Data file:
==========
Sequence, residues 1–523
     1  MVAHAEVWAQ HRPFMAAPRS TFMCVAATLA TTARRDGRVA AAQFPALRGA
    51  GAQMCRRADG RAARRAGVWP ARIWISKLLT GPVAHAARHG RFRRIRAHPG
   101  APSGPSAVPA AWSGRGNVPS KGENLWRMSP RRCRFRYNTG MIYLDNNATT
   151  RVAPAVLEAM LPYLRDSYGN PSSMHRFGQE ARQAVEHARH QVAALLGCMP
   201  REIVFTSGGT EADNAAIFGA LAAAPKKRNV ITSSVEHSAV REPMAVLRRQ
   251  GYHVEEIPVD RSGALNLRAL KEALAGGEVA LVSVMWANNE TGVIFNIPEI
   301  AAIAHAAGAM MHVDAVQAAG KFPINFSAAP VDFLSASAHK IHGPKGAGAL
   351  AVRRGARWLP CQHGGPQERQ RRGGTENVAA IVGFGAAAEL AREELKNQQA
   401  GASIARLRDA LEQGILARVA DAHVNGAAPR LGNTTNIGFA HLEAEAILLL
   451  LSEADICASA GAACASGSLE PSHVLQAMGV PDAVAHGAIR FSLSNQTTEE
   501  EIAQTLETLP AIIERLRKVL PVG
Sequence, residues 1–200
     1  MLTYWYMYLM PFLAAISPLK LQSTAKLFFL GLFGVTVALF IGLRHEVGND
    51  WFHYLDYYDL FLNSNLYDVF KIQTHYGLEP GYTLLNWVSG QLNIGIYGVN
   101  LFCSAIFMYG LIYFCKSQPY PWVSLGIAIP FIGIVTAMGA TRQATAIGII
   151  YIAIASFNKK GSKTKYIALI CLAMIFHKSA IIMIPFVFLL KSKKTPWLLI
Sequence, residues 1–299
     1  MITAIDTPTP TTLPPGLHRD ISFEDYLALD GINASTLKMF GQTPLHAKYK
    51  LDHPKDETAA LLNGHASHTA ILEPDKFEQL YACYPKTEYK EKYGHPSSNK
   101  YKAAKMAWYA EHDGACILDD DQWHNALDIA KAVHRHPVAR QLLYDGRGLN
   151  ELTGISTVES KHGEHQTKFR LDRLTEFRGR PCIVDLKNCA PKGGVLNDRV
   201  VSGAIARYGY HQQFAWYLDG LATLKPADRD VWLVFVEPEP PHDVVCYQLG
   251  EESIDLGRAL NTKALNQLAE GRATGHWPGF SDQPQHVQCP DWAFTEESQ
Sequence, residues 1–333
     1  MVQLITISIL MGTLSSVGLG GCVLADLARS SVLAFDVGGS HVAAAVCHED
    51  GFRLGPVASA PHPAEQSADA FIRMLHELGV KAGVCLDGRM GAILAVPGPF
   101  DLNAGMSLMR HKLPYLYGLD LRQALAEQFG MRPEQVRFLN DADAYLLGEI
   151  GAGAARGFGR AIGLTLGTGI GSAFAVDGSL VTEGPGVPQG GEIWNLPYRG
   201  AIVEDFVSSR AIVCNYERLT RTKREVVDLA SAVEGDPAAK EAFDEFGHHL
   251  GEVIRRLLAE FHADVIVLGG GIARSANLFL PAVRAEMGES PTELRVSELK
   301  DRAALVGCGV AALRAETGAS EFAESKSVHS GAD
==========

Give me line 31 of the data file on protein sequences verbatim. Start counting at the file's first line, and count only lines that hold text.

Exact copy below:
   251  GEVIRRLLAE FHADVIVLGG GIARSANLFL PAVRAEMGES PTELRVSELK